Above, Randy Bush of TN stands beside his 3,000cc Cleanex at Oshkosh 2017. It was parked in the Corvair power row directly behind my booth in the North Aircraft display area.
This is Randy's second Corvair powered plane. His Pietenpol now has 725 hours on it, and his Cleanex, new this year, has about 60. It is a reflection of the long proven installation that the plane had no issues in phase one testing, and is a fully reliable aircraft for cross country work with 60 hours on the Hobbs. The term 'alternative engine' doesn't historically have that kind of reputation, because too many people promoting them were selling untested imported junk and half baked ideas without merit.
Conversely, I was educated at the finest aeronautical university, and my goal has always been to emulate the success of Lycoming and Continental in a more affordable and accessible format. In the 28 years since starting this I have seen countless companies offering "New and exciting " come and go, but I have never wavered from my faith in "old and proven" . If it is your desire to understand and master a power plant that will reliably take your plane to destinations far and wide over hundreds of hours, we have an engine program for you.
Above, Ken Pavlov, of CT, flew to Oshkosh 2017 in his 3.3L Corvair powered Zenith 601XL. The plane now has 578 hours on it. The first 502 were on his 2,700 cc Corvair.
When he mentioned opting to add 600cc in displacement by reassembling the engine around a Weseman 3.3L billet Crankshaft, many people asked "What was wrong with the 2,700?" Answer: Nothing. The engine served him for 502 hours, and no one flies that kind of time on a home built in 3 years if the installation is problematic.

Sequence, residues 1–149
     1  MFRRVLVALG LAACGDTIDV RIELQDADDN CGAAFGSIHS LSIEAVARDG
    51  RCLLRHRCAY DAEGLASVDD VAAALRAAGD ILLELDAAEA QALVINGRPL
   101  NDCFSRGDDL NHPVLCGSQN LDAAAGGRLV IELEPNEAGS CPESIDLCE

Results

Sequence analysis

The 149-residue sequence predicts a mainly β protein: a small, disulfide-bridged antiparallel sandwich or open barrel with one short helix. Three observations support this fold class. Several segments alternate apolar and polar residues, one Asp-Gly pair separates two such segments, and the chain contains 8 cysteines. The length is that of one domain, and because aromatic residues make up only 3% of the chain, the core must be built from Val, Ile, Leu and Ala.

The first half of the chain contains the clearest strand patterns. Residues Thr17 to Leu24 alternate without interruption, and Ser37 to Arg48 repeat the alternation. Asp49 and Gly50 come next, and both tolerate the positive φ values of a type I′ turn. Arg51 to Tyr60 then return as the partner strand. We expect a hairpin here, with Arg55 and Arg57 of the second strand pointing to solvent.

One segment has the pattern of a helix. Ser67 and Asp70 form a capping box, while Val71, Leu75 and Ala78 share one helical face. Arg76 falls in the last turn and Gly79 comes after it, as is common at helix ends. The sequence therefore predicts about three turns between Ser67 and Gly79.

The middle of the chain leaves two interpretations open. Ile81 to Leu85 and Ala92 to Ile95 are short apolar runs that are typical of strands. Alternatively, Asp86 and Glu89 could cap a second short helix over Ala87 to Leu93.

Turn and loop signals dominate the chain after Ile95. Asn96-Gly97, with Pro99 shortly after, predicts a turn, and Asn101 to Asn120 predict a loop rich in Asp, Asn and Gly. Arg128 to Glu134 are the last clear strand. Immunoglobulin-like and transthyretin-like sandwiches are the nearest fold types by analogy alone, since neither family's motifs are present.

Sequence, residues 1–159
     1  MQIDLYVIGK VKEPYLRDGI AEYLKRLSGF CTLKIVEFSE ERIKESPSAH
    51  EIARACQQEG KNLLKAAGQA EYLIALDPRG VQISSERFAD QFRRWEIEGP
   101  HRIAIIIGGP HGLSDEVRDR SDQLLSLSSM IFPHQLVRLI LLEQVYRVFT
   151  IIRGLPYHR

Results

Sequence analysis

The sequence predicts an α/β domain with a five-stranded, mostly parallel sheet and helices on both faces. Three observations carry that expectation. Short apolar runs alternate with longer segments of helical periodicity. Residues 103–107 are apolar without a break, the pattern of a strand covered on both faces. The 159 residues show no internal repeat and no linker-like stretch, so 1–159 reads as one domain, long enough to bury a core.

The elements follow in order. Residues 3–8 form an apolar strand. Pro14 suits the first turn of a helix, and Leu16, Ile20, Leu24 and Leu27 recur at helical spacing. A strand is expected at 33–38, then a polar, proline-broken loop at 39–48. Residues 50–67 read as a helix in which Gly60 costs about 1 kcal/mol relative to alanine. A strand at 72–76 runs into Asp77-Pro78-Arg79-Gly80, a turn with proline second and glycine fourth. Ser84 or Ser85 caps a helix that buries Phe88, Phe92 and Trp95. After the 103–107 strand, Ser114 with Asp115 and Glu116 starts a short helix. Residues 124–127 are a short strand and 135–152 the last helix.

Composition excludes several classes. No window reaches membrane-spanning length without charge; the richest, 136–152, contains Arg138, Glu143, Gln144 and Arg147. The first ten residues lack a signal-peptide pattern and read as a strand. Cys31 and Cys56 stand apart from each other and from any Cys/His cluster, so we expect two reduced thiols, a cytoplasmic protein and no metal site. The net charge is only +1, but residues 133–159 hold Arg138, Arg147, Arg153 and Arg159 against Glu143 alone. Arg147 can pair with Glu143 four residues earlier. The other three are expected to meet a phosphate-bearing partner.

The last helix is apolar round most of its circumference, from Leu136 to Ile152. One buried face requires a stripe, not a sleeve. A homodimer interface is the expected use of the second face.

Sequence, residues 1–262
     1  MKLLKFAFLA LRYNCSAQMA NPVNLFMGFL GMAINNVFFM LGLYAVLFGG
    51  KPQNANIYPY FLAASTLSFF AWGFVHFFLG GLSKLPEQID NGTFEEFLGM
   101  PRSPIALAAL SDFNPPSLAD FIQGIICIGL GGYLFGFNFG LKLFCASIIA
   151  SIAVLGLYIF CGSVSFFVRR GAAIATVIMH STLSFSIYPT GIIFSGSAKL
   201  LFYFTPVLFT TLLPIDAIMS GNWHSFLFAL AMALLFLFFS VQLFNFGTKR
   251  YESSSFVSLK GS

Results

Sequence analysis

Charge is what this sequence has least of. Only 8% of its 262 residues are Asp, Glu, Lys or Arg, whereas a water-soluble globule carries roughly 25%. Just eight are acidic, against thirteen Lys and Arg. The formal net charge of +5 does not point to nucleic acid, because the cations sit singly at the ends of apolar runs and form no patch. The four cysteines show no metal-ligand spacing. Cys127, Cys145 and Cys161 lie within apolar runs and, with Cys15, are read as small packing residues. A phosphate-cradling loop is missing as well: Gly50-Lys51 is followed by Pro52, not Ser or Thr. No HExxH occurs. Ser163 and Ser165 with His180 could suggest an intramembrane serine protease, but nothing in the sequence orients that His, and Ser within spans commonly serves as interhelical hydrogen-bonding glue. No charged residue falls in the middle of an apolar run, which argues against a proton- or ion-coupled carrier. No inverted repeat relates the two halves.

In reality, Ken used and enjoyed the engine he started with his plane project in 2007. However, a decade later, his career and life have advanced to the point that he can afford any engine he desires. His choice to upgrade to a maximum output, finest quality, state of the art engine is just an extension of his satisfaction with the Corvair, reflects the option all Corvair builders have to increase power and take advantage of advancements without 'starting over' and is a direct reflection of Ken's good judgement to invest in the aircraft he flies his family in.
It is ironic that a builder who puts a $5k paint job on his plane, an expenditure which does nothing to increase the aircrafts performance nor reliability is greeted with near universal praise, but a guy who opts for a dramatic performance increase via new, American made parts, must explain to many of the same people the logic of his choice.
Although Ken was not born in America, this country has been the recipient of his complete allegiance since he was child. His choice to spend his dollars on American engineering and manufacturing, and thus directly support employment in this country is a reflection of his gratitude for becoming a citizen of this country, a great fortune all to frequently taken for granted by those born here.